Failing to Prepare is Preparing to Fail – How to Successfully Manage Criminal Charges
Being charged with criminal offending is extremely stressful. A natural reaction to being charged is to become overwhelmed and refuse to confront the reality of a pending court date. I see people accused of criminal offending do this regularly. They will attend the office for a first consultation only days before their hearing and it is a scramble to get everything ready in time. This is not the correct way to manage criminal charges. To give yourself the best chance of getting the best outcome in your case when accused of criminal offending, you should do the following:
Unless you work in the criminal justice system, it is unlikely that you are familiar with court processes and how deal with allegations of criminal offending. You should begin by learning about this. Most criminal law firms have information packs available on their websites detailing court processes, pleading guilty, pleading not guilty and other important information.
Victoria Legal Aid and the Courts also have easy to understand information pages on their websites to assist people navigating the criminal justice system.
Engage an Expert
It is extremely important to contact a lawyer early on. To properly prepare a criminal matter for court you need expert advice and expert representation.
You should consult with specialist criminal defence lawyers and obtain some initial advice. Engaging a lawyer is a huge leap of faith. You are trusting a professional to look after your interests in circumstances where your liberty might be at stake. Find a lawyer you feel comfortable with. Check published sentencing decisions and appeals to see what kind of matters a criminal law firm has acted in. Make sure you are engaging someone who will manage your matter competently.
Once you have decided on a lawyer, engage them immediately so they can start working on your matter.
Help Your Lawyer
You should not stop thinking about your criminal matter after you have engaged a lawyer. You should work with your lawyer throughout the time you have engaged them. Provide your lawyer with all the information they ask you for. Send your lawyer any documentation they ask for.
Prepare detailed personal history instructions for your lawyer so they know everything they need to know about you. Your lawyer might suggest that you start engaging with a psychologist or obtain some other kind treatment, like a road trauma awareness course or a behavioural change program. Your lawyer might also ask you to gather character references in preparation for your hearing date. Your lawyer might ask you to think about who could appear as a witness on your behalf at the hearing. You should take all the proactive steps your lawyer asks you to take so that the matter is properly prepared once you get to court.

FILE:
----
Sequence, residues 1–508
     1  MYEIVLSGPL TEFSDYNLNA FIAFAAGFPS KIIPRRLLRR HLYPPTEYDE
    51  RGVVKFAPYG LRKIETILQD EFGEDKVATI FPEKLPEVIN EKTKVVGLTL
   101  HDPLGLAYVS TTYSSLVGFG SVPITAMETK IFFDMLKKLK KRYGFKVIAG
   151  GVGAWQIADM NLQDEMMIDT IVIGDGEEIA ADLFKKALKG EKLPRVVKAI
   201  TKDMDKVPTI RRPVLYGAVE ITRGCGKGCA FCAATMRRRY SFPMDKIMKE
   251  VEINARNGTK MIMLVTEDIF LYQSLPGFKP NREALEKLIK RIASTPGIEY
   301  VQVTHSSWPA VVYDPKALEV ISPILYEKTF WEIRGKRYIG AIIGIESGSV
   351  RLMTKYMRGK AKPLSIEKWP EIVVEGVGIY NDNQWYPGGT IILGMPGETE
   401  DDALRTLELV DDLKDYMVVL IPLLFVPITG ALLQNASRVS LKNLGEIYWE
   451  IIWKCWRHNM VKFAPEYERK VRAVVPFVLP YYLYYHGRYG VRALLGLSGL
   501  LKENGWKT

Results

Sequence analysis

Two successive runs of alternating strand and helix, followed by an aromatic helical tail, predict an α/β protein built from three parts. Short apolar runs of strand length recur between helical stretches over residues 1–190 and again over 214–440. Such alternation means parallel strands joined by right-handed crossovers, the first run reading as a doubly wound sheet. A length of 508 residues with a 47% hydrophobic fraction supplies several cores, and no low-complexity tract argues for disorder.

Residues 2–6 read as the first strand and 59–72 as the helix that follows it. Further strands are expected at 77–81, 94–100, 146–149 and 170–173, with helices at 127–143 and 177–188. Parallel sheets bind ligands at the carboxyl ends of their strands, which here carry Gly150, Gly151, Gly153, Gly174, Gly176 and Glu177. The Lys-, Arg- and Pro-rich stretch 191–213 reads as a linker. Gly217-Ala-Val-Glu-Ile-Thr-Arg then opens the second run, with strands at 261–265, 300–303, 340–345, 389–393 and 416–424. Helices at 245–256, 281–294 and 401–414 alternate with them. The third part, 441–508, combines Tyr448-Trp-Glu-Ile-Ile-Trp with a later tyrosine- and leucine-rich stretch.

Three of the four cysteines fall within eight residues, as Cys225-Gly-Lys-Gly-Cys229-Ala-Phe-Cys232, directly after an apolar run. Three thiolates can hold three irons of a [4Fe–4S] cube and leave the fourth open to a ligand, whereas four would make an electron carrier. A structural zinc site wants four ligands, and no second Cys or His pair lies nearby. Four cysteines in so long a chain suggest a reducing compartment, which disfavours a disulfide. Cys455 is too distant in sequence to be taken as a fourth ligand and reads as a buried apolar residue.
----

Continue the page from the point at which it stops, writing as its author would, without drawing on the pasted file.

Communicate With Your Lawyer
Ensure that you provide your lawyer with clear instructions. If you change your mind about how you want your case to proceed, discuss this with your lawyer immediately. If you need more advice so that you can give informed instructions, let your lawyer know this so they can give you the information you need.
An important element of successfully managing a criminal matter is communication between lawyer and client. This does not mean incessantly bombarding your lawyer with information and asking questions to which they have already provided an answer. It means maintaining a steady and professional dialogue about the matter and completing any tasks the lawyer asks you to complete in a timely fashion.
Reflect on Your Decisions
Think about how your matter is progressing. Ask yourself if there is anything else you wish to discuss with your lawyer, or anything else you can do it assist. If you are unhappy with how your matter is being managed, let your lawyer know and address the issue. Think about your instructions and whether you are happy with how you have asked your lawyer to proceed.
All of the above points can be distilled into one word – preparation. If you properly prepare your case, you put yourself in the best position to get the best outcome possible. If you ignore your criminal matter, you are jeopardising your chances of success.